Sunday, August 30, 2015

And now it sings

She stands in wet and likes it; drips rolling 
around the brim of her split-bamboo conical
hat to fall on thirsting clay. Here's

weather at last, there having been sun,
sun, sun, a lip-cracking and tree-splitting
dry, since the vernal equinox. Nothing

had been vernal about it, and her land
knew so. The very fir limbs sulked;
willows on creek banks browned up and died;

birds fell everlastingly silent, dropping
on needle-sharp tufts of what had been haymow
beneath their perches in rattling cedars;

fish sought pools deeper than any there were,
crowding in together, fin by fin, 
gulping and grunting, then rolling over

to bump along hot, slimed rocks and lodge
somewhere, stinking. Her crops had miniaturized,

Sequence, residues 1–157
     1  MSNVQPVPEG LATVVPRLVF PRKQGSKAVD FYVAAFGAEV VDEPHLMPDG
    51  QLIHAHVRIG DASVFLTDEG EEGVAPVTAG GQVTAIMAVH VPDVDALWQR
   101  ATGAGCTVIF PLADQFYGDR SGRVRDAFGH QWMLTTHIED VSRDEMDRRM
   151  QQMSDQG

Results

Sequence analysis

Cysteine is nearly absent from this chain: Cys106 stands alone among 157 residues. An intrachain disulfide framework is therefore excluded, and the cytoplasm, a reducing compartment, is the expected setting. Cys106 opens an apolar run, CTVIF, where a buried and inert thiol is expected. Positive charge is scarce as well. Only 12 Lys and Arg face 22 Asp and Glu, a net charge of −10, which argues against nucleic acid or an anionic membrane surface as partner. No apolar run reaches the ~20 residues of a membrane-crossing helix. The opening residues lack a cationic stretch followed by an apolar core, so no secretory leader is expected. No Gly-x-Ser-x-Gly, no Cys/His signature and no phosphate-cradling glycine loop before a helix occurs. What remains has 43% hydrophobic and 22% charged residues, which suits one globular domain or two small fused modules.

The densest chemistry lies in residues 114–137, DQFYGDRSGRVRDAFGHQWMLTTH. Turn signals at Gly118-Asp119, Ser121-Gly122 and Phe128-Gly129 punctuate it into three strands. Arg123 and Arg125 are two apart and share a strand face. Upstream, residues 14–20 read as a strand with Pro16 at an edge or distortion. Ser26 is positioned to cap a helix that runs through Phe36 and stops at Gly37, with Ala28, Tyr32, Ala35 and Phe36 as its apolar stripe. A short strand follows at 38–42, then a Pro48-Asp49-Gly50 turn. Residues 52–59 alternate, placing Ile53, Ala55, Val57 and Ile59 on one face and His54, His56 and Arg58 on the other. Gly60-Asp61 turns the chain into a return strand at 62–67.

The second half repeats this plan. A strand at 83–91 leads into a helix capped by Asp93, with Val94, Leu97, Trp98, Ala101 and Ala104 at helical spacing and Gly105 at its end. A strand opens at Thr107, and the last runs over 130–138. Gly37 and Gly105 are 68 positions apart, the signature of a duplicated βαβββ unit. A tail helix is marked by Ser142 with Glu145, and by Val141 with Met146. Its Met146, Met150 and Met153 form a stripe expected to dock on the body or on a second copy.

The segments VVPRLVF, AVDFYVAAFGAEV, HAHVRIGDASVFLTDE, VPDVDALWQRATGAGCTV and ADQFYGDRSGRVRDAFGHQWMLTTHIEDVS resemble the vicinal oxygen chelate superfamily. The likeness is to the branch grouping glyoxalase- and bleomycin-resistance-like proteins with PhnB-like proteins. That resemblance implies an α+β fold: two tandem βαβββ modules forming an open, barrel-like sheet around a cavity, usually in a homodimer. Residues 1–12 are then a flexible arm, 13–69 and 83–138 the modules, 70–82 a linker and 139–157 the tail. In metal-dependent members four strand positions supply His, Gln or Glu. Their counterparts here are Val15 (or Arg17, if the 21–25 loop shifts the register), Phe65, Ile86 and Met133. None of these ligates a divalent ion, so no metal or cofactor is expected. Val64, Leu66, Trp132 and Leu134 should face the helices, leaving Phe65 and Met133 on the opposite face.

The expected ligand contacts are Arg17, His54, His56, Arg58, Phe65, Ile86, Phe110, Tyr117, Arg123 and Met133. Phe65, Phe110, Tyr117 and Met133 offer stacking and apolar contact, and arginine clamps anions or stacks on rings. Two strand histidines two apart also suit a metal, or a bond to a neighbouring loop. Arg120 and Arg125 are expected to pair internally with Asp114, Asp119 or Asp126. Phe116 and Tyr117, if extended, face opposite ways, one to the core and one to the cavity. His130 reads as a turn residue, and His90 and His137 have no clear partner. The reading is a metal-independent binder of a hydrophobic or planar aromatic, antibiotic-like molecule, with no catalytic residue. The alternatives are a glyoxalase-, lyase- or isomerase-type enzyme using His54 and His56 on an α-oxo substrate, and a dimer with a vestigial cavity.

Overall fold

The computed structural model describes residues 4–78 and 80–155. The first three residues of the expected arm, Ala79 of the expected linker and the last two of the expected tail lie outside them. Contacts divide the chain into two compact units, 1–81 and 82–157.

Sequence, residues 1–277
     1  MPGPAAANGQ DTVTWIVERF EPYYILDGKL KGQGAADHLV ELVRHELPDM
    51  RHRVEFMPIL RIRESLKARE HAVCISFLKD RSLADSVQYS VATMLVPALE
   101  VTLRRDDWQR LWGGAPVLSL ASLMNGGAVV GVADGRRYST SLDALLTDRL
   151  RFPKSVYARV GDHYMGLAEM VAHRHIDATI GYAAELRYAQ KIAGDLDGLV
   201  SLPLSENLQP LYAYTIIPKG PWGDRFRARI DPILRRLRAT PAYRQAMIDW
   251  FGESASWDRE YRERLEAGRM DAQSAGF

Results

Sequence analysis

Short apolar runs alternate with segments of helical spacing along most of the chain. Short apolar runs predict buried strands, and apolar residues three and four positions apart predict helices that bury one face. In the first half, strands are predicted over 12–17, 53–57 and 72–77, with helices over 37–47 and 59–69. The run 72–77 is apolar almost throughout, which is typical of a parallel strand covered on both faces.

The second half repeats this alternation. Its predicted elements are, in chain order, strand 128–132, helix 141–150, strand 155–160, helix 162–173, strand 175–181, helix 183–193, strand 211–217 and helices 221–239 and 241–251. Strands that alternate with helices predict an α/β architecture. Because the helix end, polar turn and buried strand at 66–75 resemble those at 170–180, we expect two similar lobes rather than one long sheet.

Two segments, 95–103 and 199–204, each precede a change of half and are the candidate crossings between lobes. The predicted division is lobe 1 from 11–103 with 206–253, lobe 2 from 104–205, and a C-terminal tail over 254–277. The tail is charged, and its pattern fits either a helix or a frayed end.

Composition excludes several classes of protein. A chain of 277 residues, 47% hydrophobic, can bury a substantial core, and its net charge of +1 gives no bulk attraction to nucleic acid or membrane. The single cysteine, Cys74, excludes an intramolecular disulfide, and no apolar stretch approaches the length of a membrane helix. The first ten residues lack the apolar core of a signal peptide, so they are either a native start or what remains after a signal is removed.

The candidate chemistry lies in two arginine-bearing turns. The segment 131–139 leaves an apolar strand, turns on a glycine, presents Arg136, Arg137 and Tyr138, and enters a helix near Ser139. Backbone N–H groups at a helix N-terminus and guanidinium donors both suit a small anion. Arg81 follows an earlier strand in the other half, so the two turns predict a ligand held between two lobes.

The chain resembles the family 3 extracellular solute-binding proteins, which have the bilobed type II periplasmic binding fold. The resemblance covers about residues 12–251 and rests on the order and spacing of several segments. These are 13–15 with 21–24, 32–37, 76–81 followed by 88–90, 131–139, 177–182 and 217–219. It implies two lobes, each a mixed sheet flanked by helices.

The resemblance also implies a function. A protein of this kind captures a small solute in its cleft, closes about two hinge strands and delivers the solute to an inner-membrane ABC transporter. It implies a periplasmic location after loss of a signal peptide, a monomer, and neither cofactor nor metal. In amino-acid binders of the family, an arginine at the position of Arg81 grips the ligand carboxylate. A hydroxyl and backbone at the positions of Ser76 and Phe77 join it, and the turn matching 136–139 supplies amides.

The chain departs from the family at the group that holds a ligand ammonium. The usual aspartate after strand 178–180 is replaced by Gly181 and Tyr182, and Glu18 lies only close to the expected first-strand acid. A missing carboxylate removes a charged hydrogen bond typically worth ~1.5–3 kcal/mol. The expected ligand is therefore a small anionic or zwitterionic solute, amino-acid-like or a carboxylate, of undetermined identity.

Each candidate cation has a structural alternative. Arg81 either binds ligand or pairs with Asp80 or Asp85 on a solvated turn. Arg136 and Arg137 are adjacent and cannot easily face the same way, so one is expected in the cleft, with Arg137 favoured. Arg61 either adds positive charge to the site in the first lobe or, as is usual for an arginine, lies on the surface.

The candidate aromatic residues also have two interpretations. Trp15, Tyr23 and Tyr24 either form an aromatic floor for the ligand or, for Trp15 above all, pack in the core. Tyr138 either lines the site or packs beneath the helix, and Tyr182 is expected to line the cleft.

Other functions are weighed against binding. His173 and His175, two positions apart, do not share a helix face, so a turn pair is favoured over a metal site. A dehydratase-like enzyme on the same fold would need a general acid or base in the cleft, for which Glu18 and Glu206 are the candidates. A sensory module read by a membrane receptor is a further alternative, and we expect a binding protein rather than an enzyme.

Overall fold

flavorful but insufficient to pay her labor;

She'd lost heart and let vining morning glories
into her cracked farm at last. And now here
comes weather. Not enough to top off the well,

maybe, and certainly not enough to start the creek.
But here she stops, catching chill -- watching
a goldfinch settle on fence wire with a twist

of foraged thistledown. It drops the meal,
opens its beak, cranes skyward. And now it sings.


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